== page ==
A Military tribunal in the United States is a military court designed to try members of enemy forces during wartime, operating outside the scope of conventional criminal and civil proceedings. The judges are military officers and fulfill the role of jurors. The tribunal is typically used for enemy combatants who are in military custody and accused of violating the laws of war. These tribunals are also not normally applied to citizens of the United States except for situations where the civilian court system is not able to perform the duties.
The U.S. has used military tribunals many times over the years. During the American Revolution General George Washington utilized military tribunals. They were used during the American Civil war under President Lincoln. Over the years the United States has used military tribunals many times during times of war. (Military Tribunals for “Unlawful Combatants”)
The U.S. is still using military tribunals to try the prisoners at Guantanamo. While some of these detainees are being transferred to other countries to face trials some are in fact being tried in military tribunals at Guantanamo. If the Scorpions carry out hostile attacks toward U.S. citizens they might be processed this route. (Military Tribunals for “Unlawful Combatants”) They may also be detained and questioned by the United States and then released to the country that the acts were committed for trial. Another option is that the Scorpions are detained and questioned and then charged and charged sent back to the United States and then tried in a federal court. However this is not the case for detainees held anywhere other than Guantanamo. Some of the detainees may be transferred to another country to face the court for charges. They have a possibility that they may end up being sent to the United States to face charges and trial there. There is not one golden rule for what may happen to a prisoner once they are detained. What actions were taken, if they give any information, if the U.S. and the other country have good relations, perhaps the information involved in the case may be classified to many potential scenarios of what if’s to know beyond a shadow of a doubt what the outcome would be.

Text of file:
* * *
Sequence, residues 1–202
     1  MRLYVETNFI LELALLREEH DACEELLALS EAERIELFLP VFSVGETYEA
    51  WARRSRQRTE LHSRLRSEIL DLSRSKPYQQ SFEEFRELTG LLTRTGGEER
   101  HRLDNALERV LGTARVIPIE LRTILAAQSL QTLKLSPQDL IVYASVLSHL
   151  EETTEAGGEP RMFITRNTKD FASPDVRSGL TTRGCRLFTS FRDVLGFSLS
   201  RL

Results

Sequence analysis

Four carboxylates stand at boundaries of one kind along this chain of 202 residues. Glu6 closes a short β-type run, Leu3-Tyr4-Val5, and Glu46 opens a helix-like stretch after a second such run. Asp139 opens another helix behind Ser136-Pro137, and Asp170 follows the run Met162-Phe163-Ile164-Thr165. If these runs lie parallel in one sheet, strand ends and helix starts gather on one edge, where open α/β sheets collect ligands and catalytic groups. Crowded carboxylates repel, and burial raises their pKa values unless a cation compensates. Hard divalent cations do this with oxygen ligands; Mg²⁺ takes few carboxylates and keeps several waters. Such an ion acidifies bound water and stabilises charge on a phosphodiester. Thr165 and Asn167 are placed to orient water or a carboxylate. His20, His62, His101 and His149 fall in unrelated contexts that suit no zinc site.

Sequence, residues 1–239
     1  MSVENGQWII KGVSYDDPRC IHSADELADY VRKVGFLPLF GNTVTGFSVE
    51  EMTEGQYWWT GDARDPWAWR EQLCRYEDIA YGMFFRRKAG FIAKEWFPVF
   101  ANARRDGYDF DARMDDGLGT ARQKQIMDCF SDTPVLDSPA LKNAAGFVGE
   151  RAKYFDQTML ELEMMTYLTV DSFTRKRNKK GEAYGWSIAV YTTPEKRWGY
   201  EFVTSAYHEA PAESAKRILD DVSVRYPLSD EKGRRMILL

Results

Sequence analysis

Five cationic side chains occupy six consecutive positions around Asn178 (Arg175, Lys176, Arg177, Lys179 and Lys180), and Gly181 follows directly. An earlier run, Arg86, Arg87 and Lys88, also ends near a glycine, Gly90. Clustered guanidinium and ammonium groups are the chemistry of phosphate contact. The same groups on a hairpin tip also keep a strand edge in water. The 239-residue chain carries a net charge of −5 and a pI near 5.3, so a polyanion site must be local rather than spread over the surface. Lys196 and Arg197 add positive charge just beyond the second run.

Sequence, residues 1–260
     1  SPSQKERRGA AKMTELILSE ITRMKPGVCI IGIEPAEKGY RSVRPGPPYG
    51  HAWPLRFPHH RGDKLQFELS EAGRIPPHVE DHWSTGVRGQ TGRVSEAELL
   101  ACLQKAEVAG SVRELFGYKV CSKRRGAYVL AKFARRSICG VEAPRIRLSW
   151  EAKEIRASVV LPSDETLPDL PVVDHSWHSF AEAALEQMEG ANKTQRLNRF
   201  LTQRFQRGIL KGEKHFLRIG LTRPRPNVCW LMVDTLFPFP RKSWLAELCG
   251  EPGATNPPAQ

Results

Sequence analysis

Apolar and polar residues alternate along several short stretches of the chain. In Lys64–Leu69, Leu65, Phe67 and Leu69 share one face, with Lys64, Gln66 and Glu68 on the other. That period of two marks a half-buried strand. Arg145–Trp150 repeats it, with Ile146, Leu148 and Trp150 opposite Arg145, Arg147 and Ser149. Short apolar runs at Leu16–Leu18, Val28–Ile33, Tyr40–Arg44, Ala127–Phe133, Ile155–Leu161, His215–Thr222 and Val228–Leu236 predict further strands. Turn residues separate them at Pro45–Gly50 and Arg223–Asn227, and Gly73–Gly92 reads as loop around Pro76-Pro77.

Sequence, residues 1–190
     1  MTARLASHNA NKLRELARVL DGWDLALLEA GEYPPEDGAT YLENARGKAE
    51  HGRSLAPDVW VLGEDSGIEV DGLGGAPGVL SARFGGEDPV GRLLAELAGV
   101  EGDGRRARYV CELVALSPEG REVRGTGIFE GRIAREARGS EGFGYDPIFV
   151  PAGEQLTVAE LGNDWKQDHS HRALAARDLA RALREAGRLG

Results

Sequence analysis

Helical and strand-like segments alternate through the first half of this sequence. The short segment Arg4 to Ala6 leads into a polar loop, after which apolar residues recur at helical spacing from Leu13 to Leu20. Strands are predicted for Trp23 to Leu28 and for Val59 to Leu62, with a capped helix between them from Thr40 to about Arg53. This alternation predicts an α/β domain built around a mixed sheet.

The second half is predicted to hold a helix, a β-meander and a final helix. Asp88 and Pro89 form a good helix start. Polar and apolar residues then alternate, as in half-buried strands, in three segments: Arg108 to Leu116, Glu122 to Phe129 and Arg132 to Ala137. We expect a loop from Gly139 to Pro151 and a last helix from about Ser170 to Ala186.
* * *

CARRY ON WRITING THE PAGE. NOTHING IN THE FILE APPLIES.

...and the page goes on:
A C T I V I T Y. (n.d.). Retrieved May 07, 2016, from http://www.crf-usa.org/america-responds-to-terrorism/military-tribunals.html
Ackerman, S. (2014, October 23). US decide against military tribunals for non-Guantánamo detainees. Retrieved May 07, 2016, from http://www.theguardian.com/us-news/2014/oct/23/us-russian-detainee-afghanistan-bagram-guantanamo-military-commission
Military Tribunals for “Unlawful Combatants” – Discover the Networks. (n.d.). Retrieved May 07, 2016, from http://www.discoverthenetworks.org/viewSubCategory.asp?id=546
Pam Benson contributed to this report. (2011, March 08). Obama orders resumption of military commissions at Guantanamo. Retrieved May 07, 2016, from http://www.cnn.com/2011/POLITICS/03/07/obama.guantanamo/
Is it true that the U.S. spies on its own citizens? What are/were some of the governmental organizations/agencies involved in doing this? Is it lawful for the military to participate in this type domestic activity?
Does the U.S. spy on its own citizens? The simple answer to that is yes since 2005 the NSA has been spying on the citizens of the United States. With the assistance of major telecommunications carriers such as AT&T and others has participated in an illegal dragnet gathering domestic communications and communications records. The NSA was publically tasked with monitoring communications from the U.S. to foreign countries and to a known terrorist or terrorist associate.(NSA Spying)
The NSA was the major government agency involved in this activity. Many different communications organizations were involved as well tasked with caring out normal operations sending and receiving data and calls but they would make a copy of everything that was sent or received. (NSA Spying) This data is supposed to be destroyed after a set amount of time that however was not the case. Not only was the NSA keeping tabs on all communications and network traffic on U.S. citizens but NSA operators were placing spouses and family or whoever they wanted without any proper authorization.